10 February 2008

Are we dumb!

The Story of Stuff is a wonderful 20 minutes animation movie about the chain of links behind our modes of production and consumption, and its impact on the environment. It explains clearly some economic and marketing concepts, like "externalized costs", "planned obsolescence" and "perceived obsolescence", that keep this chain going by way of our gullibility and our self-depreciation.
Every time I buy something, even if it costs 50 cents, I wonder who I buy it from, where it was made, at what costs, if I really need it, why I buy it, for how long I will use it and how I will dispose of it. Some times, I do buy things on a whim, or because I do need to feel better about myself for few minutes and it's easy to do so with shopping or just because it's fun. But I try to always question my purchases and never take them for granted. It brings a stronger awareness each time, and eventually I get to ask the same questions to the people I buy the stuff from, even if they don't have the answer - at least, it puts me back in the active part of the chain - where I can consciously exert my "consumption power".
I like the idea of buying second hand goods, of recycling jam pots for my cooking spices and herbs, of giving, lending and borrowing books, of renting DVDs, of downloading music, of sending ecards, of looking for unique handmade crafts around the world, of not caring to get the latest plasma screen (or any TV for that matter) and of staying away as much as possible from plastic, processed food, waste-generating products and chain stores / major brands items. It's not always easy, but it's actually a lot of fun because I get to play around with my habits, my temptations and my imagination.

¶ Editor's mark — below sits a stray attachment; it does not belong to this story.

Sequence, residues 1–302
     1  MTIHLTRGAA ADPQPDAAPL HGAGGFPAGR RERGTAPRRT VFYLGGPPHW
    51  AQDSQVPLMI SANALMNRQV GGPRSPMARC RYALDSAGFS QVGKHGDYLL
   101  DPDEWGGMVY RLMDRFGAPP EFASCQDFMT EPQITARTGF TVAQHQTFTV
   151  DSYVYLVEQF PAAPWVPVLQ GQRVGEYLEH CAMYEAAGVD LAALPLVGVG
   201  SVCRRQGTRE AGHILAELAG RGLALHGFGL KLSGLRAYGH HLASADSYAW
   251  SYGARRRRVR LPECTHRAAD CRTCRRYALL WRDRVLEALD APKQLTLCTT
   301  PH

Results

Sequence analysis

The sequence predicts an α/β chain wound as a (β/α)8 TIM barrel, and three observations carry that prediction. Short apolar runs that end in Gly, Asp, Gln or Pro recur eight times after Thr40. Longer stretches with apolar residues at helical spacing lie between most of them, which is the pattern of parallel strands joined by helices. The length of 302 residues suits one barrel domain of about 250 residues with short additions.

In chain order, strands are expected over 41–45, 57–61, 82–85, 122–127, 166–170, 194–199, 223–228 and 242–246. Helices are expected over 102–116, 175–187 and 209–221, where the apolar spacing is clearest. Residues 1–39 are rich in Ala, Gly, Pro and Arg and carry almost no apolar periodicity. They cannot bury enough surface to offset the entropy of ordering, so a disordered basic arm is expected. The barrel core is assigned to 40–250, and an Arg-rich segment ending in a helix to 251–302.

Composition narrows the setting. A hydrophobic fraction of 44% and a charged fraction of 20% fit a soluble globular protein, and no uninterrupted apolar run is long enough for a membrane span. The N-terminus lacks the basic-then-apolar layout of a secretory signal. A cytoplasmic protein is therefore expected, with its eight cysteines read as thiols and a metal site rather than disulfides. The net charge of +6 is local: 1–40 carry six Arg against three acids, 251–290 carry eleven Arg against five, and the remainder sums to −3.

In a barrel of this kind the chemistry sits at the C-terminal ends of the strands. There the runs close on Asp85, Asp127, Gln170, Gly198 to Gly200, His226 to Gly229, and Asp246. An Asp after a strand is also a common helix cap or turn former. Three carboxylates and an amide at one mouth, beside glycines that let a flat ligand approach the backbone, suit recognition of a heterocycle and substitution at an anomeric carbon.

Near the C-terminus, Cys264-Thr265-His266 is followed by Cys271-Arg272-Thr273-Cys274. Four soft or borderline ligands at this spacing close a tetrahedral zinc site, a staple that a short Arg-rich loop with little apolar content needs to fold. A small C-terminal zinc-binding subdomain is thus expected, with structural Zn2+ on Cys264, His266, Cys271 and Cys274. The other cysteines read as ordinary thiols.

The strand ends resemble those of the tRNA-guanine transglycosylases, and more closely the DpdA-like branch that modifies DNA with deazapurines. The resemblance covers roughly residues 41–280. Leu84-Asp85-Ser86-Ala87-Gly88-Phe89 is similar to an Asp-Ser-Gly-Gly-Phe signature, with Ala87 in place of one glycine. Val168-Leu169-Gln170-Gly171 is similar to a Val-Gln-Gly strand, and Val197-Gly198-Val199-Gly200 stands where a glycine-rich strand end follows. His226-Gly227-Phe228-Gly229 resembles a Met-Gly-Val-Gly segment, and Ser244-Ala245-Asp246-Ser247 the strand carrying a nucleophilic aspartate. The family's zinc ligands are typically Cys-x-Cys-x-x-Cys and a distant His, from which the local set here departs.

I read an interview of Starck today in Le Monde where he addresses harsh criticism against [product] design and defines it as "useless". I don't think we should understand that point in a very literal way but I agree with him when he says "We don't need more. We need less and better." It's probably one of the greatest task designers will ever have to undertake. We have so much already, how do we think creation, production and use when we don't need more and we shouldn't make more?


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